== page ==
Category: Stewardship

NO ~ The Most Powerful Two Letter Word

NO ~ The Most Powerful Two Letter Word

“By and large in our culture today we have abandoned a very valuable and financially profitable word.  A word that will change your life.  A word that will change politics in America.  A word that would solve the student loan debt problem.  A word that would cause children to behave.  We have lost this word.  It has been removed from our politically correct dictionaries.  We no longer say it to ourselves.  And if you so dare as to say it to someone else; you will be persecuted, tweeted about, and talked about for days.  There will be negative articles written about you.  This is a powerful word.  It is a word so seldom heard it may shock you when you hear it because you haven’t heard it used much.  It is not illegal yet to use this word, but it may be soon.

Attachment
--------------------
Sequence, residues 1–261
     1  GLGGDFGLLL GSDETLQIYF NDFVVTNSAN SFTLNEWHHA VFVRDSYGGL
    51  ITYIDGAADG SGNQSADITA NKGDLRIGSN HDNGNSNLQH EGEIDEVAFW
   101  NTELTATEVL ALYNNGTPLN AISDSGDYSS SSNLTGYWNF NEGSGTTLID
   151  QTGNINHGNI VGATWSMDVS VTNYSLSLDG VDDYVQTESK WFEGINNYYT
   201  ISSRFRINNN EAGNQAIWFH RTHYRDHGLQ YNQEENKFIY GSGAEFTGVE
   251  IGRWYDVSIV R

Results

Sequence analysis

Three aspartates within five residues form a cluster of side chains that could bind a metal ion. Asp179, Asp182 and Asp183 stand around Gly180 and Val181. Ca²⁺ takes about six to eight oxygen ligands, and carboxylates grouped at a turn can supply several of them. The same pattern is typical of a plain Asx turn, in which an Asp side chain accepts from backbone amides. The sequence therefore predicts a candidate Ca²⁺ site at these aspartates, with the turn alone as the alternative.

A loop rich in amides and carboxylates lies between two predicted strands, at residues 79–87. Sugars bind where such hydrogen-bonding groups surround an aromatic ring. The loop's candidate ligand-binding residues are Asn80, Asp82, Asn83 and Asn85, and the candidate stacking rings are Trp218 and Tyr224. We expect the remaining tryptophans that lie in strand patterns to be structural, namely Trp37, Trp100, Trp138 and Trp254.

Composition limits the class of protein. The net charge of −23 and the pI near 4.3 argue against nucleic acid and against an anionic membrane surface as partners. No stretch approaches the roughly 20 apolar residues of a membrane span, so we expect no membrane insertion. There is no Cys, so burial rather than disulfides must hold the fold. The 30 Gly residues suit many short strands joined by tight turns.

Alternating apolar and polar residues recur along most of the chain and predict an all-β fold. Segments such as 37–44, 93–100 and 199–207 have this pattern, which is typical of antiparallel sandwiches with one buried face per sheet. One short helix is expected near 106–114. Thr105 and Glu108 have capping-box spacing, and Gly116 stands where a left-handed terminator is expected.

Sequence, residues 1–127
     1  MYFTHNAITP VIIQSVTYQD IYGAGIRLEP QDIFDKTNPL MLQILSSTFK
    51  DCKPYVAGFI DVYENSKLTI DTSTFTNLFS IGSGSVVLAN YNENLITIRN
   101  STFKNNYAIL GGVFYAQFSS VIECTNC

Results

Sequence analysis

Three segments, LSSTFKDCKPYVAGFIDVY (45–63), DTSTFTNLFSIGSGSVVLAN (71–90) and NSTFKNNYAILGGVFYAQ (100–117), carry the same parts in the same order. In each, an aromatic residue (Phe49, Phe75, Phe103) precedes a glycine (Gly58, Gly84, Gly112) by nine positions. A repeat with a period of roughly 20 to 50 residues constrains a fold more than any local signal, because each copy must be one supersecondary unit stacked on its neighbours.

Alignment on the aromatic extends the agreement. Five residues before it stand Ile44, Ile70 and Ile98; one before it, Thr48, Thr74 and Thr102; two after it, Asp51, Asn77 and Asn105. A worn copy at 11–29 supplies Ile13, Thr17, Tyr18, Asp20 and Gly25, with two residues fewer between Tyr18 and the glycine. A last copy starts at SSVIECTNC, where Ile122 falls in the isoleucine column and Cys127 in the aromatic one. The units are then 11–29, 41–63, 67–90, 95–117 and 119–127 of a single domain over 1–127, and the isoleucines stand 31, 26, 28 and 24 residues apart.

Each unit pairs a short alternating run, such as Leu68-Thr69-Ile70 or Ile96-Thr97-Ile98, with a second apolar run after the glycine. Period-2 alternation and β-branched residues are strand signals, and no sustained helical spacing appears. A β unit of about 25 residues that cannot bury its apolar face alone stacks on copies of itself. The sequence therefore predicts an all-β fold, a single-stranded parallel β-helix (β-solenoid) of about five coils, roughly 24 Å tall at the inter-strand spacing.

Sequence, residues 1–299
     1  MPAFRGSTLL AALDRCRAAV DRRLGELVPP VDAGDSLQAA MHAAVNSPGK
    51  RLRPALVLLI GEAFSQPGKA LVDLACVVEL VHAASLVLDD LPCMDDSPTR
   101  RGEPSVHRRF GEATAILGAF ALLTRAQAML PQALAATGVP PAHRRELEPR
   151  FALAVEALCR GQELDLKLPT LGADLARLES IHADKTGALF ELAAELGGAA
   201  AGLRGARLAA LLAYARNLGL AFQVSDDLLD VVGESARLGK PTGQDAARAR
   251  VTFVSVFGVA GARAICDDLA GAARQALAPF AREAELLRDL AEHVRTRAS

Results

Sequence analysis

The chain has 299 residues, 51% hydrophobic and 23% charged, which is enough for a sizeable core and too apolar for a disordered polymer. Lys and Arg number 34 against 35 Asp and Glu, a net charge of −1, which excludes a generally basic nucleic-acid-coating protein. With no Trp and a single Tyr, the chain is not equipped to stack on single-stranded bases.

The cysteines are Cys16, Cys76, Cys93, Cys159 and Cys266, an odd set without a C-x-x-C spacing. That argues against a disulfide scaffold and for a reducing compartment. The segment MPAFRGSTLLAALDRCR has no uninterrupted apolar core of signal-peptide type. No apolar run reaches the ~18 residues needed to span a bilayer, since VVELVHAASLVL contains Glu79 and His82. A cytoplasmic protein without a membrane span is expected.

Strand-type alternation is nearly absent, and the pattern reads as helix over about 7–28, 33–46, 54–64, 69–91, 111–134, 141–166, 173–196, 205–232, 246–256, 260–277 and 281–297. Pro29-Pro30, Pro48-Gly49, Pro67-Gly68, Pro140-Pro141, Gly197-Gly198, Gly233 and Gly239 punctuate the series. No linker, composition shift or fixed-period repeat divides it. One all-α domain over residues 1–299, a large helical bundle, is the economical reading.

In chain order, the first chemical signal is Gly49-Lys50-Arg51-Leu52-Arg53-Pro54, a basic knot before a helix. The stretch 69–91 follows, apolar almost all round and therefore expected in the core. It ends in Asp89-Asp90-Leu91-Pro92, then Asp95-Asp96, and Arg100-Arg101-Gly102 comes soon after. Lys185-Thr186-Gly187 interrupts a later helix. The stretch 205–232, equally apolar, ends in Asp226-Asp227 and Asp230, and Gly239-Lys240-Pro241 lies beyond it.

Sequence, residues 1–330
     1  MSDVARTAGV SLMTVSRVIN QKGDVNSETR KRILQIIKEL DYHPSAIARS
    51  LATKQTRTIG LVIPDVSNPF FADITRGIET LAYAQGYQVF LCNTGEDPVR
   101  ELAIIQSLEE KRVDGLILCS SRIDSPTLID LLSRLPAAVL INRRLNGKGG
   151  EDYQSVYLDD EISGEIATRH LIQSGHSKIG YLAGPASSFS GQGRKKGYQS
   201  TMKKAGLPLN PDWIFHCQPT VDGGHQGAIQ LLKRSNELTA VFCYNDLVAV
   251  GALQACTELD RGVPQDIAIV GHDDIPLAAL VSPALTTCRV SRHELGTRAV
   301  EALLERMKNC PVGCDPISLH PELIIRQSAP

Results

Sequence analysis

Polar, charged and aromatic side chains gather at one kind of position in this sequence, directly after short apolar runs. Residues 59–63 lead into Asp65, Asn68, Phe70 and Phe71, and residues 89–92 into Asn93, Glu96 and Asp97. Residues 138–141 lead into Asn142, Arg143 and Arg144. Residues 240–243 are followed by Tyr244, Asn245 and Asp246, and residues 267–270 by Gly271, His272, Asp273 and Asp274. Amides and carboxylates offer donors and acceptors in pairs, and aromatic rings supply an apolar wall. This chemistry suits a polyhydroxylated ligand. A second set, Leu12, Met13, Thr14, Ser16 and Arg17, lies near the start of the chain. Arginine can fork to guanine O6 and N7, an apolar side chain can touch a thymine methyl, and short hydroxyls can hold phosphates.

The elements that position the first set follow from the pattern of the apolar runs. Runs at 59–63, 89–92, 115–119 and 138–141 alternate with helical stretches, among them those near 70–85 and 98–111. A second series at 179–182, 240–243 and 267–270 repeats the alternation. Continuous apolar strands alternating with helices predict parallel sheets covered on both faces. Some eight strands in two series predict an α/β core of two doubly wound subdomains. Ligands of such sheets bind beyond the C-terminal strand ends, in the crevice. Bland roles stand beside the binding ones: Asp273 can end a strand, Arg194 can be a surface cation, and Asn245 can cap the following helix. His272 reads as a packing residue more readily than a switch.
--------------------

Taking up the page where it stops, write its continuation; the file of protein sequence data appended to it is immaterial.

It is a counter-culture word.  It is a word that will set you free.  It is a word that will change your life.  It is a word that will change the direction of your family tree.  It will help your career.  It will help you as a leader in your organization.  It will make you a better employee.  This is a powerful word, and I want you to practice it with me.  It is heard so seldom some of you will be so shocked when we annunciate it.  Here is how you do it.  You press your tongue towards the roof of your mouth, and as air is released through your vocal cords, you release your tongue making a kissing motion with your lips, and it sounds like this: NO!